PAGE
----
The MacLamity

The News That Stays News, Reported Live

Wednesday, June 21, 2006

.

John Updike goes toe to toe with the internet:


Now, as I read it, this is a pretty grisly scenario. Performances, personal access to the creator, personalisation, whatever that is, does this not throw us back to the pre-literate societies where only the present live person can make an impact and offer, as it were, value? Have not writers since the onset of the Gutenberg revolution imagined that they already were, in their written and printed texts, giving an access to their creator more pointed, more shapely, more loaded with aesthetic and informational value than in unmediated, unpolished personal conversation?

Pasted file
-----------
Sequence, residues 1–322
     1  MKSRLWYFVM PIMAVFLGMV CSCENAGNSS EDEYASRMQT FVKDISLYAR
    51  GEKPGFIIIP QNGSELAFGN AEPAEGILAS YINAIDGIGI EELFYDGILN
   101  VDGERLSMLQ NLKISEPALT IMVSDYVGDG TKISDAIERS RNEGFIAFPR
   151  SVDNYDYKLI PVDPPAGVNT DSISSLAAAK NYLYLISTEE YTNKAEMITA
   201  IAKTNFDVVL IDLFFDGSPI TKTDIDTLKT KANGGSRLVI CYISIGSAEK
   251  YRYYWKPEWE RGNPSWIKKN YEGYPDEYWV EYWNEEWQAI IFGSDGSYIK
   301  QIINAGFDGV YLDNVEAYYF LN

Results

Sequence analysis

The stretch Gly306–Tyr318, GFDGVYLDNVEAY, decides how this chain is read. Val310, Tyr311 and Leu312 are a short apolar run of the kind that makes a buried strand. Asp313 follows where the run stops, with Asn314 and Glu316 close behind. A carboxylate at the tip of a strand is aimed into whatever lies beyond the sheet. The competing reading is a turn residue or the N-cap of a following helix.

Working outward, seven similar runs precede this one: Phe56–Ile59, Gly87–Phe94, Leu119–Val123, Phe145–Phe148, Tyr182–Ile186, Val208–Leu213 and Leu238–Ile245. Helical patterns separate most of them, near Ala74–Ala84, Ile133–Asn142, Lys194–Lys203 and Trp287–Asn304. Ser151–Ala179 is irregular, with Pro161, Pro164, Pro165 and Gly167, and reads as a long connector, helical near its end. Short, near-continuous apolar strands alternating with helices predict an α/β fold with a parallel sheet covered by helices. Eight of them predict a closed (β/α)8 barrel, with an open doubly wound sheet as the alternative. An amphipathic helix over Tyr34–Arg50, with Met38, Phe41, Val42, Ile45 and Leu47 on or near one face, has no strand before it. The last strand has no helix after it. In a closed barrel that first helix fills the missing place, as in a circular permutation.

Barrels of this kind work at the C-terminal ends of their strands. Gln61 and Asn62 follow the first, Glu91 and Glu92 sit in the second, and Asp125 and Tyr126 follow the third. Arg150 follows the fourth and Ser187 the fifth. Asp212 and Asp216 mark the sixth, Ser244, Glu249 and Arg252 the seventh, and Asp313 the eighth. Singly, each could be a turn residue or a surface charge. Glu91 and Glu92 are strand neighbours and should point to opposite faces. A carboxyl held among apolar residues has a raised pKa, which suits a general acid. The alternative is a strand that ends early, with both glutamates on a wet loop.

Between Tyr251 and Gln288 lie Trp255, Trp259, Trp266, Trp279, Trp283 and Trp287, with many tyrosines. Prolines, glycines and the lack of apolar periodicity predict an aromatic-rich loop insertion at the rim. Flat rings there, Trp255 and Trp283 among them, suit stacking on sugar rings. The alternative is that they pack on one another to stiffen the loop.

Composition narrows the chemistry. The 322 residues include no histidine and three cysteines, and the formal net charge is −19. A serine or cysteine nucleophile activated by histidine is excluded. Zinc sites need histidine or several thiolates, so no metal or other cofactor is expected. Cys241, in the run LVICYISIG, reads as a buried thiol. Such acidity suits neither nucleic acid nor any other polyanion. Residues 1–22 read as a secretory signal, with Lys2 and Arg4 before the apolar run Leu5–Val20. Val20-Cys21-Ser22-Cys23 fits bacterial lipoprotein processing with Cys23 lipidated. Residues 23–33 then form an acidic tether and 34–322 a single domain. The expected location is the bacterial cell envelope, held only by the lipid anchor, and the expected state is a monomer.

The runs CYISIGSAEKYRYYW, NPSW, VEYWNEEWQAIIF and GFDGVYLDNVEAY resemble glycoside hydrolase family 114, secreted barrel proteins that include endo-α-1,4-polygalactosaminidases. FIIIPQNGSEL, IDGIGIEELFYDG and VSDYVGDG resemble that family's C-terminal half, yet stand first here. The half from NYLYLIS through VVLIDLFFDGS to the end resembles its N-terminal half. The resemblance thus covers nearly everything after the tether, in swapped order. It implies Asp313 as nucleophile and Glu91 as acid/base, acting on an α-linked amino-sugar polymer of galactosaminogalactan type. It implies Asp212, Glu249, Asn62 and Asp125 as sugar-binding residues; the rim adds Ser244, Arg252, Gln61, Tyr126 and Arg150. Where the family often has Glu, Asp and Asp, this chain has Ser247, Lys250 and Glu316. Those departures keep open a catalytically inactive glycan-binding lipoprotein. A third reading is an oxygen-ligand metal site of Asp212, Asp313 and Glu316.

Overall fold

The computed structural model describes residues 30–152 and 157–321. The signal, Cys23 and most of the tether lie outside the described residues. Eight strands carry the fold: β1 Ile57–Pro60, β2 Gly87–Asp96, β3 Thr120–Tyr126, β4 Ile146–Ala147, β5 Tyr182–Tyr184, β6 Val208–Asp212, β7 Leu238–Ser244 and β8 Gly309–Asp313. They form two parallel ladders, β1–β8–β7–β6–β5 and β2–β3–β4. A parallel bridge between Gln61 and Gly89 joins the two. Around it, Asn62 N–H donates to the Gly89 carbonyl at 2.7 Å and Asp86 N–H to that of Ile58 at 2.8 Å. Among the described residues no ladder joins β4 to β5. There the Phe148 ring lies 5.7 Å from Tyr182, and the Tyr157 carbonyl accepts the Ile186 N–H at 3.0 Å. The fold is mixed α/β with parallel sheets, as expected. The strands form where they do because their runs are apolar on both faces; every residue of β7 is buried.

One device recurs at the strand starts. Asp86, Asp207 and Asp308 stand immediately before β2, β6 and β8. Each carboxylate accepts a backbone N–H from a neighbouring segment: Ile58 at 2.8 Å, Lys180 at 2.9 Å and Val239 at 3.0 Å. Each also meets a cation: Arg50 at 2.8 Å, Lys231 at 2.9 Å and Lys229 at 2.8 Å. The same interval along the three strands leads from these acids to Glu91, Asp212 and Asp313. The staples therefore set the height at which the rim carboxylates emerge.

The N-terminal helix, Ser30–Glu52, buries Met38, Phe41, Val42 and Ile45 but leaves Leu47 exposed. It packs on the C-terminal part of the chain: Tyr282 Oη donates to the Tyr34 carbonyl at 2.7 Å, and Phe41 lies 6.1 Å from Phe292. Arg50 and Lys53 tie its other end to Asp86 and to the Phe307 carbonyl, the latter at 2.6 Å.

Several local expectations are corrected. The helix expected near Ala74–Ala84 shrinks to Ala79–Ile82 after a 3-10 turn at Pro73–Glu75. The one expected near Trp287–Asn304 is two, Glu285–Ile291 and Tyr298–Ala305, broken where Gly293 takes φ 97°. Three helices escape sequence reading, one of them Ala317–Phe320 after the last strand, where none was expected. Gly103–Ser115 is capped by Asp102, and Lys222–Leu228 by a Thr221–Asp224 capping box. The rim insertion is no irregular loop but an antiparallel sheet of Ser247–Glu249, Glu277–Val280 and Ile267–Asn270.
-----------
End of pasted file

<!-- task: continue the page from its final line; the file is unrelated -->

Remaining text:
Authors, if I understand present trends, will soon be like surrogate birth mothers, rented wombs in which a seed implanted by high-powered consultants is allowed to ripen and after nine months be dropped into the market place. In imagining a huge, virtually infinite word stream accessed by search engines and populated by teeming promiscuous word snippets of credited authorship, are we not depriving the written word of its old-fashioned function of, through such inventions as the written alphabet and the printing press, communication from one person to another? Of, in short, accountability and intimacy?